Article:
Jochen Bundschuh finished his PhD on numerical modeling of heat transport in aquifers in Tübingen in 1990. He is working in geothermics, subsurface and surface hydrology and integrated water resources management, and connected disciplines. From 1993 to 1999 he served as an expert for the German Agency of Technical Cooperation (GTZ) and as a long-term professor for the DAAD (German Academic Exchange Service) in Argentine. From 2001 to 2008 he worked within the framework of the German governmental cooperation (Integrated Expert Program of CIM; GTZ/BA) as adviser in mission to Costa Rica at the Instituto Costarricense de Electricidad (ICE). Here, he assisted the country in evaluation and development of its huge low-enthalpy geothermal resources for power generation. Since 2005, he is an affiliate professor of the Royal Institute of Technology, Stockholm, Sweden. In 2006, he was electedVice-President of the International Society of Groundwater for Sustainable Development ISGSD. From 2009–2011 he was visiting professor at the Department of Earth Sciences at the National Cheng Kung University, Tainan, Taiwan. By the end of 2011 he was appointed as professor in hydrogeology at the University of Southern Queensland, Toowoomba, Australia where he leads a working group of 26 researchers working on the wide field of water resources and low/middle enthalpy geothermal resources, water and wastewater treatment and sustainable and renewable energy resources (http://www.ncea.org.au/groundwater). In November 2012, Prof. Bundschuh was appointed as president of the newly established Australian Chapter of the International Medical Geology Association (IMGA).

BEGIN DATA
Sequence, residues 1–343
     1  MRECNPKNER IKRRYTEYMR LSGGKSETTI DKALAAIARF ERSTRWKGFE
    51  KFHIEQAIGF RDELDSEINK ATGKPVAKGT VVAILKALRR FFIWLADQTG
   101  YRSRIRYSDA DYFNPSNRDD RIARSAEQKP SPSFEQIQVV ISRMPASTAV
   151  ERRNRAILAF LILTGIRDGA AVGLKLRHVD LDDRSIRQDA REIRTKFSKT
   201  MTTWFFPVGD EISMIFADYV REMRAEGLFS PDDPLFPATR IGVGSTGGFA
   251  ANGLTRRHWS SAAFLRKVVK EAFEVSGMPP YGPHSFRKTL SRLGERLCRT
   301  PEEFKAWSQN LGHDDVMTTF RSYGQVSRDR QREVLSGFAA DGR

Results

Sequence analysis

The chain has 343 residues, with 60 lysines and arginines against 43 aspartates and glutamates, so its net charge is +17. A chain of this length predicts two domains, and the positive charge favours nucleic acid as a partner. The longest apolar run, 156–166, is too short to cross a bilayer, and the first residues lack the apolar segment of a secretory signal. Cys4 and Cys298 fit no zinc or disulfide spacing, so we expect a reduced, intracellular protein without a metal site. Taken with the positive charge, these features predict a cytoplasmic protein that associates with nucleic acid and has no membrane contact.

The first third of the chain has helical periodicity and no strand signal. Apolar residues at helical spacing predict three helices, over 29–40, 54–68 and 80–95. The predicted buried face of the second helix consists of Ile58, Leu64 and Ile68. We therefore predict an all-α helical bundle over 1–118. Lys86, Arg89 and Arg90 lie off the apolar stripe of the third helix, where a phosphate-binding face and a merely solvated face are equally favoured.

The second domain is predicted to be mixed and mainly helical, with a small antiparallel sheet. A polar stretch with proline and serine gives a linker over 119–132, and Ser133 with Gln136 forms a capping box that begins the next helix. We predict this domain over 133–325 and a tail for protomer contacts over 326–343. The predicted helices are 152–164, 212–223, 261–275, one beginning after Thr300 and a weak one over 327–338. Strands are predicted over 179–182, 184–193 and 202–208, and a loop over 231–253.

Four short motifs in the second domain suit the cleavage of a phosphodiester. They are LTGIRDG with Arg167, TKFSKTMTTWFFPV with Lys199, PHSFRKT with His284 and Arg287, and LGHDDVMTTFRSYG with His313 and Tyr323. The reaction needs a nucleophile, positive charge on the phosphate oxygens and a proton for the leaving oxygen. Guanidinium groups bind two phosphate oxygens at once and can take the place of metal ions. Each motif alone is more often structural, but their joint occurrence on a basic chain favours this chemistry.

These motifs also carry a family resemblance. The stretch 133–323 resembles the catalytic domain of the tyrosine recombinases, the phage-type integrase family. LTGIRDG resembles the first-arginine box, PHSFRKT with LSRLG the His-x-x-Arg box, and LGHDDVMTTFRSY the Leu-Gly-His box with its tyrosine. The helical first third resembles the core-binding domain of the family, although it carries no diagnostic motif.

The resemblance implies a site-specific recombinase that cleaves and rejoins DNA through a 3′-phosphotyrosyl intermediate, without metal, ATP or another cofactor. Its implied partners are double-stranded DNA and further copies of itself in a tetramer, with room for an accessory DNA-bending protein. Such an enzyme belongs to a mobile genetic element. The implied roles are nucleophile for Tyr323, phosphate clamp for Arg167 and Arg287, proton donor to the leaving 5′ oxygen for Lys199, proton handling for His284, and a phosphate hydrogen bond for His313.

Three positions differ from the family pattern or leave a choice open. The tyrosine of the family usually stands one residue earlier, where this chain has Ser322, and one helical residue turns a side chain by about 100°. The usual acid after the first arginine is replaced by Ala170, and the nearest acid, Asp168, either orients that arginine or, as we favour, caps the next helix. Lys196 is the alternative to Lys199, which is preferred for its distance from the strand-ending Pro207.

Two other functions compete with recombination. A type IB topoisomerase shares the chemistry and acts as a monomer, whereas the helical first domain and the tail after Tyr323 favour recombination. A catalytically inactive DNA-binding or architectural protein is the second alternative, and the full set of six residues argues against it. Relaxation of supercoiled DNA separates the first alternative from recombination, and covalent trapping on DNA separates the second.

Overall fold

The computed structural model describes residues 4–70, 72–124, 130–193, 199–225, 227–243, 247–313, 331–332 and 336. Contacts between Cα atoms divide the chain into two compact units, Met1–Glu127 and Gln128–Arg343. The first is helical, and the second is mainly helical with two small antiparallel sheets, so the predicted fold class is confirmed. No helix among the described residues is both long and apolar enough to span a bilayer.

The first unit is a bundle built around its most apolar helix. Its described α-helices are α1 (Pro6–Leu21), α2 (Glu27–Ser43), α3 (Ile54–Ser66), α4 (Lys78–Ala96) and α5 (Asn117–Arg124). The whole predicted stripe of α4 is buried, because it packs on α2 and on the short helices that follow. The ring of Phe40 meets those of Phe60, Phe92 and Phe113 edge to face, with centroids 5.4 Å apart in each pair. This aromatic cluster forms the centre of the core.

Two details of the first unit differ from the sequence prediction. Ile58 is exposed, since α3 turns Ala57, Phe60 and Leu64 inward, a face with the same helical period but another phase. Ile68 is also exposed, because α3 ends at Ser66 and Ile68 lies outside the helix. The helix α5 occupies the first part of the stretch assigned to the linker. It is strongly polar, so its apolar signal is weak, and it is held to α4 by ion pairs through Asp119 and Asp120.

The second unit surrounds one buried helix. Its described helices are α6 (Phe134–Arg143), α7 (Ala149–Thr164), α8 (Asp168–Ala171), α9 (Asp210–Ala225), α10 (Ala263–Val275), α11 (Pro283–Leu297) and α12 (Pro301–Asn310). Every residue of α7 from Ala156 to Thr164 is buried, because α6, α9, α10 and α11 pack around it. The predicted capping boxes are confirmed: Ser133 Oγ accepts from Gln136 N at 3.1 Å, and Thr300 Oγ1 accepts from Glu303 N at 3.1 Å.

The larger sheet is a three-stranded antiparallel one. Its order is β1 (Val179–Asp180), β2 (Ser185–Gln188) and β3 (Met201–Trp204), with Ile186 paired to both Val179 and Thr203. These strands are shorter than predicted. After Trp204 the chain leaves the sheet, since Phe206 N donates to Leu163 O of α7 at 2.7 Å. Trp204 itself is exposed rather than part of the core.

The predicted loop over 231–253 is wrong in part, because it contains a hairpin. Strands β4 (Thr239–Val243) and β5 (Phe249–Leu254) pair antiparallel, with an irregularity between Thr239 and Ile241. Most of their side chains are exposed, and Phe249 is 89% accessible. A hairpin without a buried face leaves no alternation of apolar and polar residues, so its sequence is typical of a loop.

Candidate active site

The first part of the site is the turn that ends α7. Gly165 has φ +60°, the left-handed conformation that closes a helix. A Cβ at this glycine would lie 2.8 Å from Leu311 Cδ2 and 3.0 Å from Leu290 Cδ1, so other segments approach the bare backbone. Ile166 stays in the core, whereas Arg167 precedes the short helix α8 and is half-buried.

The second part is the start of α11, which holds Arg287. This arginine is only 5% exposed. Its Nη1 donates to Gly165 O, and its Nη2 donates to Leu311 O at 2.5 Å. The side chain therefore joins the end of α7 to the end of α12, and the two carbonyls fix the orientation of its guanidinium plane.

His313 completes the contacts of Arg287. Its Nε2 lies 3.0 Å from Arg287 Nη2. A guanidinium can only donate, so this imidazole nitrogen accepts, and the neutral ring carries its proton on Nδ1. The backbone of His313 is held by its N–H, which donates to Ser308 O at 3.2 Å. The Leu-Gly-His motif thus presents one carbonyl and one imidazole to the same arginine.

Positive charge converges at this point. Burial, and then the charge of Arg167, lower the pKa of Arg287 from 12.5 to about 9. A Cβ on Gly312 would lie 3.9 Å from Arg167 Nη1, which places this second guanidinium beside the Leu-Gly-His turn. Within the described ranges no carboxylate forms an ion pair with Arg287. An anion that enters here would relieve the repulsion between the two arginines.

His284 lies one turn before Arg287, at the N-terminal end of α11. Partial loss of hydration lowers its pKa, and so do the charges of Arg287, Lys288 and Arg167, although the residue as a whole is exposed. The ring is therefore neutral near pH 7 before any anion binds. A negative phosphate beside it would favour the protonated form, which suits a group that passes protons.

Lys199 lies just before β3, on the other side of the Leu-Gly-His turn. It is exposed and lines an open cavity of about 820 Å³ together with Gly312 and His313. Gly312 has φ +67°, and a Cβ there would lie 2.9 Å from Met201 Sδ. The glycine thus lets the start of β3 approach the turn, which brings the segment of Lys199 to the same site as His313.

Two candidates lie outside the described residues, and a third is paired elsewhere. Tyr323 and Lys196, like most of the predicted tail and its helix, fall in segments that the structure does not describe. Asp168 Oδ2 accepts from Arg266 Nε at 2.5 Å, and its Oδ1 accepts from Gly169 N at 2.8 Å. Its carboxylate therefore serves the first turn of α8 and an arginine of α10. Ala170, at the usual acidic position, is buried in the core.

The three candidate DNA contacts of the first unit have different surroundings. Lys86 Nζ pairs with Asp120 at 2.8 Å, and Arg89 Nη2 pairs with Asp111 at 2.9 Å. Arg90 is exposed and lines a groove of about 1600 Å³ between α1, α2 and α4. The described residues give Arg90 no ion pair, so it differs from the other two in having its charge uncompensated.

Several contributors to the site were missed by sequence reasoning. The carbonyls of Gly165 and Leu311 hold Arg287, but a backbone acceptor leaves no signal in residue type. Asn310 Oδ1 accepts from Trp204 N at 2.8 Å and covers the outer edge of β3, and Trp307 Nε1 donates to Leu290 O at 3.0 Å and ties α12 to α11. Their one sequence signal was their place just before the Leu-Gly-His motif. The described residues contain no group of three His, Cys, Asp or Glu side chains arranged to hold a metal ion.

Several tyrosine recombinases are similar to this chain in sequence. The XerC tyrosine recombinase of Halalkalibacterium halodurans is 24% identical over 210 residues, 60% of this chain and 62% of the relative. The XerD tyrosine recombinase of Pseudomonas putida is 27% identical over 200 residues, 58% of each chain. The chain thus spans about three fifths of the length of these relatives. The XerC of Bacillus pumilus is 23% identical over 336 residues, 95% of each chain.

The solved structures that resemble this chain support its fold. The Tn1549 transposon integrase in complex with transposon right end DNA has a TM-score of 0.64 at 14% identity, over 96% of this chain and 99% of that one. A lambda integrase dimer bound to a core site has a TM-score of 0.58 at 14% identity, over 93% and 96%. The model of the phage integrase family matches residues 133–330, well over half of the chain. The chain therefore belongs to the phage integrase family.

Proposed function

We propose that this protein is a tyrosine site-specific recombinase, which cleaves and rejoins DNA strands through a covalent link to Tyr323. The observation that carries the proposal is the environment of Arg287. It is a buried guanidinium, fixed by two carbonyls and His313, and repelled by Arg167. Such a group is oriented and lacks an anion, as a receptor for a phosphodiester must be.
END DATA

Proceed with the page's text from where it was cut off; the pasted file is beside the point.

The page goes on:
Dr. Bundschuh is author of the books “Low-Enthalpy Geothermal Resources for Power Generation” (2008) (Balkema/Taylor&Francis/CRC Press) and “Introduction to the Numerical Modeling of Groundwater and Geothermal Systems: Fundamentals of Mass, Energy and Solute Transport in Poroelastic Rocks”. He is editor of the books “Geothermal Energy Resources for Developing Countries” (2002), “Natural Arsenic in Groundwater” (2005), and the two-volume monograph “Central America: Geology, Resources and Hazards” (2007), “Groundwater for Sustainable Development” (2008), “Natural Arsenic in Groundwater of Latin America (2008). Dr. Bundschuh is editor of the book series “Multiphysics Modeling”, “Arsenic in the Environment”, and “Sustainable Energy Developments” (all Balkema/CRC Press/Taylor & Francis).

Reviews

This book [...] is devoted to a detailed presentation of modeling of two particular topics in this vast area, namely CO2 geo-sequestration and compressed air energy storage. The two topics seem at first view quite unconnected, but, as far as modeling is concerned, this is not the case: the basic balance equations of the subsurface system are the same, only some of the involved fluids change. This makes a common treatment in a volume quite suitable because one of the topics may take advantage of methods employed for the solution of the other. The volume contains a foreword by Jacob Bear, one of the giants in multiphase porous media mechanics, who is recently actively involved in CO2 underground sequestration; and sixteen chapters written by thirty-seven experts in their field. Each chapter is self-contained to a certain extent. [...] This volume [...] is first of all most timely and certainly useful for geologists, geophysicists, hydrologists, mining and reservoir engineers, chemical engineers, to mention just a few, and certainly also to computational mechanists who will find there a plethora of useful information.

Bernhard Schrefler, Professor Emeritus, University of Padua, September 2015